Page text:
If your family was like mine, Thanksgiving was a two-tiered affair: The adults sat at the fancy dining room table while the kids had to sit in the kitchen, some even using a card table and folding chairs. You knew you were grown up when you moved up to the adult table. I guess this American coming-of-age ritual is pretty common with other rituals, too. There’s no formal ceremony, but everyone knows when little Johnny becomes just-plain John.
We see similar things happen in IT. New technologies and ideas are often given a pat on the head, a pinch on the cheek, but then sent to the kids table in the kitchen. Only mature technologies are taken seriously and granted equal status when enterprise architectures are defined!
One sure-fire way of determining when a technology is ready for prime time is when it is integrated with a major enterprise product. Sure, lots of products will support this or that, but thoroughly integrating a new technology requires serious effort. Not just any technology gets this kind of focus!
That’s why I’m pleased to see today’s announcement that CommVault has completely integrated API-driven public cloud storage with Simpana, their impressive data protection and archiving suite. It reminds me of that point when the backup products of yore finally adopted disk-based technology. Now there are three equal backup targets: Tape, disk, and cloud.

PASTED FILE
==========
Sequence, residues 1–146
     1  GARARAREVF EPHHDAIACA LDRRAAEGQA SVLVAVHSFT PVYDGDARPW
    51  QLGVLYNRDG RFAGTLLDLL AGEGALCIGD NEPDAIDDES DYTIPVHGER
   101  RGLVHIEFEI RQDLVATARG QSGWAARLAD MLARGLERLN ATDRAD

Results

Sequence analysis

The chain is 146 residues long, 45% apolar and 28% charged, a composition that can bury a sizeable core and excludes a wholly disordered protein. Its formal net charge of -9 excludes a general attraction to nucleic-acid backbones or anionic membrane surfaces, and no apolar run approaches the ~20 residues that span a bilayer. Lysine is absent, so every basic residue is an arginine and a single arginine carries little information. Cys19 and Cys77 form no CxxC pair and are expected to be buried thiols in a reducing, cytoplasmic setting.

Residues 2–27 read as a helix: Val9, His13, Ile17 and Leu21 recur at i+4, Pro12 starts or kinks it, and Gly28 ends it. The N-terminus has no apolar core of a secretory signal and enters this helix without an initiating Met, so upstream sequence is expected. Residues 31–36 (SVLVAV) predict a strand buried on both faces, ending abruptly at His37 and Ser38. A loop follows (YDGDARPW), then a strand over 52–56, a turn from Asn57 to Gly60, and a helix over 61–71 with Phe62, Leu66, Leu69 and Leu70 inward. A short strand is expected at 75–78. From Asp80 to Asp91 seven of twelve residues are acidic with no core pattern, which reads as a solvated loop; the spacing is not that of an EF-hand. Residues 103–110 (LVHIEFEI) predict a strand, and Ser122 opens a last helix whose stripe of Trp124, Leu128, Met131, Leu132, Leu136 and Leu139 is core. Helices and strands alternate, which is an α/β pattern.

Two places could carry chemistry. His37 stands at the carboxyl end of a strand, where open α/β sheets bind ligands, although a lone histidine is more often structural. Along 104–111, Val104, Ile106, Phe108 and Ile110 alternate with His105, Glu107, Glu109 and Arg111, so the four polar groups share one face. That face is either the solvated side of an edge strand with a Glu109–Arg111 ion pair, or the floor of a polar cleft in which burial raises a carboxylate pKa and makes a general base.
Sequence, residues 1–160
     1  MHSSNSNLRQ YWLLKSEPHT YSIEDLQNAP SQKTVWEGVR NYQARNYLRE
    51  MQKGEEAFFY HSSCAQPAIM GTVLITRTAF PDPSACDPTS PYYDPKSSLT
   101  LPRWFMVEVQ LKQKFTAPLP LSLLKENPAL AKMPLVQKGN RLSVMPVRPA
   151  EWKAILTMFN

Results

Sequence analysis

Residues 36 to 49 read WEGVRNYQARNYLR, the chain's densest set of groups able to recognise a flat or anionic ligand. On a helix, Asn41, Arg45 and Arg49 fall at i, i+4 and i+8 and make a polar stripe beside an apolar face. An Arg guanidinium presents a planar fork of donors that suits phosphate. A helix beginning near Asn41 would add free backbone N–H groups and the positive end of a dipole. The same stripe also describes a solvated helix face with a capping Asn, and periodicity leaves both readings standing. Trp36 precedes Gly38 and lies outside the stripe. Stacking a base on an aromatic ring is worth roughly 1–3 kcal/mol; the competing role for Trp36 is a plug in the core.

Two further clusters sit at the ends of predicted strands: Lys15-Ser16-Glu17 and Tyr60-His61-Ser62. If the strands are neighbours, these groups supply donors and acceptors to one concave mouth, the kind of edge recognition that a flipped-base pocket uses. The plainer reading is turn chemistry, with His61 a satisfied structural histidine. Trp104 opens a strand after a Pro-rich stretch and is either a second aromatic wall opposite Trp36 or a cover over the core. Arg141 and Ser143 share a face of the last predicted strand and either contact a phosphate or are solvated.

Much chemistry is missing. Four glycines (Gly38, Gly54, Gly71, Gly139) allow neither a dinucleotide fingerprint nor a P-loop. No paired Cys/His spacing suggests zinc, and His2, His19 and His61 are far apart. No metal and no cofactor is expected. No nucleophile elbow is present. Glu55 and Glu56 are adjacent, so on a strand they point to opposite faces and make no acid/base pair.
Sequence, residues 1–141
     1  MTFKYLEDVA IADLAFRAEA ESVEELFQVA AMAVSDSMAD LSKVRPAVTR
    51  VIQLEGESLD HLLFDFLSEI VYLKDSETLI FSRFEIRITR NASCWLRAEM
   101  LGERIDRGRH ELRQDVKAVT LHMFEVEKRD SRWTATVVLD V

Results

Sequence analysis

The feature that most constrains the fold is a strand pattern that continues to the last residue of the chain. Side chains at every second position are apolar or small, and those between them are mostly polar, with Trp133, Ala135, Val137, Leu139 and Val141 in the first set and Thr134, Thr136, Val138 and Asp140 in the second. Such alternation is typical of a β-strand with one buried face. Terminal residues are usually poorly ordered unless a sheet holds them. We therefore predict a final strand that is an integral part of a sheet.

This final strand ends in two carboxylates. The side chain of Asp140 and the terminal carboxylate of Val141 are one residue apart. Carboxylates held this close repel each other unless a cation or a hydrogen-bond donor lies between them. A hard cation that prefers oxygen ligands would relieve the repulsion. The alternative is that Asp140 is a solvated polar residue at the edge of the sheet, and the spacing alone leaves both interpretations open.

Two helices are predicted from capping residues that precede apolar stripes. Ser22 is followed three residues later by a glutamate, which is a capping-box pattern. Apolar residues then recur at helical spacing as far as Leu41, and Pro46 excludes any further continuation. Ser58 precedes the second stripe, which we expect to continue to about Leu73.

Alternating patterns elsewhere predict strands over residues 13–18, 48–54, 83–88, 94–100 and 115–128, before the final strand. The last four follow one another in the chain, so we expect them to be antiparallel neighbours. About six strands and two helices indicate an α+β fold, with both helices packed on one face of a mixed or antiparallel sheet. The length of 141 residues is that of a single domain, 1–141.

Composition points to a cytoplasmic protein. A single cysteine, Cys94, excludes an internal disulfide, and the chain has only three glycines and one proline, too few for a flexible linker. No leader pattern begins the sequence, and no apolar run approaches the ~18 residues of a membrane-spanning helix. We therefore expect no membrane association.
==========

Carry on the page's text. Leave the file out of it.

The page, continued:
CommVault’s reputation in the storage industry is like BMW’s in cars: They’re an engineering-driven company and focus on offering the best technology. There’s no way CommVault would cut corners when it came to a fundamental technology. So they applied considerable engineering resources and delivered a really advanced product.
I’ve previously noted that cloud storage is not backup, but that the combination of cloud storage with a solid backup platform makes a killer data protection value proposition. This is exactly what CommVault is delivering. Plus, Simpana’s integrated encryption and data deduplication technology work to reduce cloud-related angst. And CommVault will be supporting just about every public cloud provider, beginning with Amazon S3, Microsoft Azure, and Nirvanix (where I spend my days), and I hear Iron Mountain and EMC Atmos are on the way, too.
Read more over at Network World, DGIC, or check out my Nirvanix blog about CommVault’s cloud integration.
Note: Yeah, that’s a Tofurkey-brand vegetarian turkey in the photo above. Yum!
I’m currently looking for a Commvault engineer that has experience with Galaxy Edition for a 12+ months project in Washington, DC.